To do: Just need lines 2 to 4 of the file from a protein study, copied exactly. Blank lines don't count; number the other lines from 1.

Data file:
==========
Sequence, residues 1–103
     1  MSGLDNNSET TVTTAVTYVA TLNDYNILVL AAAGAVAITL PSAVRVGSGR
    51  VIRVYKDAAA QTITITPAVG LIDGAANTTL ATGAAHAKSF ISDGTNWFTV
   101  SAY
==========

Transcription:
     1  MSGLDNNSET TVTTAVTYVA TLNDYNILVL AAAGAVAITL PSAVRVGSGR
    51  VIRVYKDAAA QTITITPAVG LIDGAANTTL ATGAAHAKSF ISDGTNWFTV
   101  SAY